More Extensive Surgeries Yield Better Outcomes for MRONJ Patients

Dentistry Today


Osteoporosis patients who suffer drug side effects that result in painful exposed bone in the jaw could benefit if they are treated with one of the more comprehensive surgical options that could reduce the risk of relapse and repeat surgery, according to the Seoul National University School of Dentistry.

Medication-related osteonecrosis of the jaw (MRONJ) is an adverse effect of bisphosphonates, a class of drugs administered orally or intravenously to treat bone loss, as well as other drugs. Symptoms of MRONJ, which is usually identified by painful exposed jawbone in the mouth, include inflamed and non-healing oral tissues and loose teeth. 

Many cancer patients take these drugs, and some develop MRONJ. But this 12-year retrospective cohort study at the Department of Oral and Maxillofacial Surgery at Seoul National Hospital University Dental Hospital focused on patients taking the drugs for osteoporosis, the most common reason Americans take these medications.

From 2004 to 2016, the hospital saw 325 patients who met the criteria. Of those, about 97% were women, with an average age of 75. The researchers analyzed the patient sample to determine which type of surgical procedure produced better treatment outcomes for osteoporosis patients who develop MRONJ.

While acknowledging that treatments should be as conservative as possible, the researchers concluded that patients treated with a less comprehensive surgical procedure suffered higher rates of relapse than those who underwent more extensive surgical options. 

MRONJ treatments range from removal of superficial inflammatory soft tissue and necrotic bone (curettage) to removing infected pieces of the bone (sequestrectomy), removing adjacent bone and its formation of a saucer-like depression (saucerization), or resectioning and reconstructing the jawbone (mandibulectomy).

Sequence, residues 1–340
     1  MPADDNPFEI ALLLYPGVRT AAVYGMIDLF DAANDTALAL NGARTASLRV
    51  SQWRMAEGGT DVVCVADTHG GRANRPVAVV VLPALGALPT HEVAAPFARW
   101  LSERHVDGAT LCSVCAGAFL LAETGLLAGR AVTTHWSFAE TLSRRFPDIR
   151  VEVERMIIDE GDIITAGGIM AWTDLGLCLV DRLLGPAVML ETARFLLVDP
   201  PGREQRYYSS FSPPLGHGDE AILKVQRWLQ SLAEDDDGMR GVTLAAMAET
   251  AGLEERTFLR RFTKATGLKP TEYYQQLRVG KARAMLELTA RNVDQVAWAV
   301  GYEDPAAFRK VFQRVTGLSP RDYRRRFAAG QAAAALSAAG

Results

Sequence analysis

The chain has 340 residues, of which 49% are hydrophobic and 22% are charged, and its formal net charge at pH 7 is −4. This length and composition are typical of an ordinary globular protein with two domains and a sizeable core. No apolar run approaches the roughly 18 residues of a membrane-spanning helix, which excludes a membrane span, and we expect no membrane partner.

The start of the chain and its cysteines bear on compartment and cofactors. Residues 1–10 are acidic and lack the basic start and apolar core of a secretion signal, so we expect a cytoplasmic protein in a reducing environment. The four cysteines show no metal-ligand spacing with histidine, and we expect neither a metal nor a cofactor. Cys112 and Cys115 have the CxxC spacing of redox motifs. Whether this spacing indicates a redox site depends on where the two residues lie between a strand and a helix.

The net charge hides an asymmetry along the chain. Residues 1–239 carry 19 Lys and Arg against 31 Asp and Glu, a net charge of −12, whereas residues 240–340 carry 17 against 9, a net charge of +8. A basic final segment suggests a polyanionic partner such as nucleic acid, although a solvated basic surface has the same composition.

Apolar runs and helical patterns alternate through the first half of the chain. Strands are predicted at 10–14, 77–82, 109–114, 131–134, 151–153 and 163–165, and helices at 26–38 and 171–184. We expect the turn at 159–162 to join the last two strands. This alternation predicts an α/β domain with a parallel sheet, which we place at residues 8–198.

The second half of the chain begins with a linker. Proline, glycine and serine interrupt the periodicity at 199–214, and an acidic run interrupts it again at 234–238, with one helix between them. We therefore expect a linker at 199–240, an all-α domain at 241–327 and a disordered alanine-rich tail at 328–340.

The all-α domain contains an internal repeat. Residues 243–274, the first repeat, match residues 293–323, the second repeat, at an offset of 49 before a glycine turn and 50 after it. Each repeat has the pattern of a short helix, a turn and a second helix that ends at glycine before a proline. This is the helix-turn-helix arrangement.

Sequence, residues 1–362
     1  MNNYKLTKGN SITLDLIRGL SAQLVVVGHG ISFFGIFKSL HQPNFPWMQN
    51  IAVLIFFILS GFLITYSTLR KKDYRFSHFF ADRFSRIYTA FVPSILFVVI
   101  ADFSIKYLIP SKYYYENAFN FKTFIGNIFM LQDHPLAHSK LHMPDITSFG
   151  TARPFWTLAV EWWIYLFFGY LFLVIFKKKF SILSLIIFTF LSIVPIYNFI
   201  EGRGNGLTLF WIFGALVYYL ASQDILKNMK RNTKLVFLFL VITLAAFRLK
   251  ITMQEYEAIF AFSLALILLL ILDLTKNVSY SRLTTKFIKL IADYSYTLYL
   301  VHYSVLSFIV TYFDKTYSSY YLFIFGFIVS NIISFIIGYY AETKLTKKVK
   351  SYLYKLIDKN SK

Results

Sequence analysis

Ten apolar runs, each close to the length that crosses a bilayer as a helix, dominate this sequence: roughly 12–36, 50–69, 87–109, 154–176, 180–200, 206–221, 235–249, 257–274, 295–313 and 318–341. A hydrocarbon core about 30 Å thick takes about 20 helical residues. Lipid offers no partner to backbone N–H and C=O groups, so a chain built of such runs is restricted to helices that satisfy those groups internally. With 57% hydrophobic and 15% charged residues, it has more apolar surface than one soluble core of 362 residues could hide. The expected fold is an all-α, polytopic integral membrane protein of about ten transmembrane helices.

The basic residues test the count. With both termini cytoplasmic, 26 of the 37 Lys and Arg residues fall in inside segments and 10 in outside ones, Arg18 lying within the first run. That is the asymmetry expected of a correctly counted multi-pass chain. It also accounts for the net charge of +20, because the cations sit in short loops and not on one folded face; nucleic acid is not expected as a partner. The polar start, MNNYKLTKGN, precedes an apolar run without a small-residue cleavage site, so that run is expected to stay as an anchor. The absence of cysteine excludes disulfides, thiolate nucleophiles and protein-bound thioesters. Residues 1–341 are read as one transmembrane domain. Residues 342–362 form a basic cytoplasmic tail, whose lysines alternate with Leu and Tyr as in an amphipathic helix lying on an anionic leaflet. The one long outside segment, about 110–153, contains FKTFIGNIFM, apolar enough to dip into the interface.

The researchers further noted that the goal of surgical treatment should be the prevention of relapse after surgery. A more extensive surgical procedure than curettage produced better surgical outcomes based on fewer relapses and repeat surgeries, they reported. Also, they noted, an extensive surgical procedure has a better prognosis than less extensive treatment.

Considering the greater risk of recurrence after surgery, the researchers further recommend that more frequent and careful follow-up with oral and maxillofacial surgeons, especially immediately after the procedure, might be advisable. Though most recurrences develop soon after surgery, some may develop long after the surgery, the researchers advised.

The study, “Extensive Surgical Procedures Result in Better Treatment Outcomes for Bisphosphonate-Related Osteonecrosis of the Jaw in Patients with Osteoporosis,” was published by the Journal of Oral and Maxillofacial Surgery.

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